+      (sdl2:render-copy! renderer texture)
+      ;; Render to the screen
+      (sdl2:render-present! renderer)
+      ;; Destroy the texture after we're done
+      (sdl2:destroy-texture! texture))))

That’s it! The final, modified draw-scene!, with the create-renderer! call as well:

(define renderer (sdl2:create-renderer! window -1 (list 'accelerated)))

(define (draw-scene!)
  ;; Create a new surface the same size as the window
  (let ((surf (sdl2:make-surface* 800 600 32)))
    ;; Clear the new surface screen using a blue background color
    (sdl2:fill-rect! surf #f (sdl2:make-color 0 80 160))
    ;; Draw the smileys
    (draw-obj! smiley2 surf)
    (draw-obj! smiley1 surf)
    ;; Convert the surface to a texture
    (let ((texture (sdl2:create-texture-from-surface* renderer surf)))
      ;; TODO: check if the texture creation was successful
      ;; Free the surface since we're done converting it to a texture
      (sdl2:free-surface! surf)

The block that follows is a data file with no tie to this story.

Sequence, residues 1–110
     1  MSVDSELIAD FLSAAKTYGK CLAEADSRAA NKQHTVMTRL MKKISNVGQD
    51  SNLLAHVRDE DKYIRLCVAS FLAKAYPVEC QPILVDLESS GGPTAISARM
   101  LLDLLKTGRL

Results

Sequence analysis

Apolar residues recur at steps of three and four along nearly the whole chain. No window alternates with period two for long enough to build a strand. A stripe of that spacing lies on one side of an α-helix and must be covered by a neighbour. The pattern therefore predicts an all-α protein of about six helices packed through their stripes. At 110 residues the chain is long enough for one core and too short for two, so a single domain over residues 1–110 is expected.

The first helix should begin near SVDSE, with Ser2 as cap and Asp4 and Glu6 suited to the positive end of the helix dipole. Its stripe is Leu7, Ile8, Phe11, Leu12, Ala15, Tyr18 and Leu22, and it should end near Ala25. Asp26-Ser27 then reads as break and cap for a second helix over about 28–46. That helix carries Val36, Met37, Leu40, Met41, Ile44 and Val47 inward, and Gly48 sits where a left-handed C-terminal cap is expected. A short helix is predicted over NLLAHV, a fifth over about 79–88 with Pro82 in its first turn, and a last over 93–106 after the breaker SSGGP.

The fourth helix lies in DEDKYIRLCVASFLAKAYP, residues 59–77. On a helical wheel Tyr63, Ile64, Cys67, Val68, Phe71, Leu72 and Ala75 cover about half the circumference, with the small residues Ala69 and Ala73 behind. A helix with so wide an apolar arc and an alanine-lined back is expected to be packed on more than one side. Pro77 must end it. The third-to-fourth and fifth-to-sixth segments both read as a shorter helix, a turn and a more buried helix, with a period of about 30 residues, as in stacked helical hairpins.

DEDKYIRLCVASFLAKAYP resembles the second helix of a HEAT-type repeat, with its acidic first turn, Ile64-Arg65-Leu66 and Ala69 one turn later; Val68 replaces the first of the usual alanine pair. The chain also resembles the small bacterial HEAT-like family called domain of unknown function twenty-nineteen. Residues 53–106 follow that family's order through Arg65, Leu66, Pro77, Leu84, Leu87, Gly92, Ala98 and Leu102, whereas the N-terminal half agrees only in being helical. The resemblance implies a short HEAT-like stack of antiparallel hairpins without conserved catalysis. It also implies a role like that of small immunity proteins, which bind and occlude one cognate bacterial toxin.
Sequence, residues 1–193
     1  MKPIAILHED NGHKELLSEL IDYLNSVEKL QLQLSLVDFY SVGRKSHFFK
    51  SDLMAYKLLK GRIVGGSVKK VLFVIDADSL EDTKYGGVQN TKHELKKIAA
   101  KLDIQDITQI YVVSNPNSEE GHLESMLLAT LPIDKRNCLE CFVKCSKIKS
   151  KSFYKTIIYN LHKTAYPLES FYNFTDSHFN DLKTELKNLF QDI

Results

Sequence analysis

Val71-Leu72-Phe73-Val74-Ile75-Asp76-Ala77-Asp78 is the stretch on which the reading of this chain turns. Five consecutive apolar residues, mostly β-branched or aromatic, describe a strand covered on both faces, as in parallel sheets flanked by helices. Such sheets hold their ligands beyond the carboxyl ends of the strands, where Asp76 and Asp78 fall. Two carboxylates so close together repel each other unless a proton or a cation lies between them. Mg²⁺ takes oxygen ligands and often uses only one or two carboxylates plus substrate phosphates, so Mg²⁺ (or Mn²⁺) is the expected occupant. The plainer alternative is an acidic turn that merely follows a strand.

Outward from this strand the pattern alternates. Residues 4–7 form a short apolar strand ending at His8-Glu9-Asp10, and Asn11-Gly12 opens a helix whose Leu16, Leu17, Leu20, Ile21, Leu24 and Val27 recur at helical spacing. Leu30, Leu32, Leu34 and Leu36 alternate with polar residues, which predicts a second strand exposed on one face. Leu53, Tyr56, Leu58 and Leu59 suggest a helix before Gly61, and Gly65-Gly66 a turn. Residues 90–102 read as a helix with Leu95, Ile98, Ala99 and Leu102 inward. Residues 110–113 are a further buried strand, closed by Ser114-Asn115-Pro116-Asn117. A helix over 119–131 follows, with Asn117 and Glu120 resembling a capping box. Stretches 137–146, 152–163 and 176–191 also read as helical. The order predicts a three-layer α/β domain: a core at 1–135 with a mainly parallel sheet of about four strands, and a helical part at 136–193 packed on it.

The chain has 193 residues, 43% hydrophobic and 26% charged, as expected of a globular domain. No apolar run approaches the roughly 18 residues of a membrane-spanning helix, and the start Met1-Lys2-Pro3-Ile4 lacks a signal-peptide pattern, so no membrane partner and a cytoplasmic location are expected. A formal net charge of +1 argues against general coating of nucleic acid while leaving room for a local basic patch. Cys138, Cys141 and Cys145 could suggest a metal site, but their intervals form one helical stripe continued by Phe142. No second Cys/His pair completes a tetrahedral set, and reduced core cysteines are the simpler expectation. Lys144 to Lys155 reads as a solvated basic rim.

;; Clear the screen
      (sdl2:render-clear! renderer)
      ;; Copy our texture into the renderer
      (sdl2:render-copy! renderer texture)
      (sdl2:render-present! renderer)
      ;; Destroy the texture after we're done
      (sdl2:destroy-texture! texture))))

Finishing up

If we recompile basics.scm now and run it again, we’ll see…

Absolutely no difference (at least I didn’t)!

I don’t think hardware acceleration actually has much of an impact for such a simple example, but it doesn’t seem too difficult to implement, so I’m still looking forward to using it in my emulator \o/.

Here’s the full diff of the changes I made as a GitHub Gist:

yi-jiayu/basics-2d-accelerated.patch
Modifying the Chicken Scheme sdl2 egg basics.scm demo to use 2D Accelerated Rendering
https://gist.github.com/yi-jiayu/7b3a2506f7bf66d721992456295a1604